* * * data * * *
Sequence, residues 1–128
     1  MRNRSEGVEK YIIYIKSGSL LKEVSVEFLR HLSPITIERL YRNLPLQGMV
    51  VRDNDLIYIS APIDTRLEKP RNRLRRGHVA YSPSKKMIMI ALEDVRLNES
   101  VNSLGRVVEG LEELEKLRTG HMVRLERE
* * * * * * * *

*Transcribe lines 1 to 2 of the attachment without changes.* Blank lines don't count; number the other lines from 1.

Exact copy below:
Sequence, residues 1–128
     1  MRNRSEGVEK YIIYIKSGSL LKEVSVEFLR HLSPITIERL YRNLPLQGMV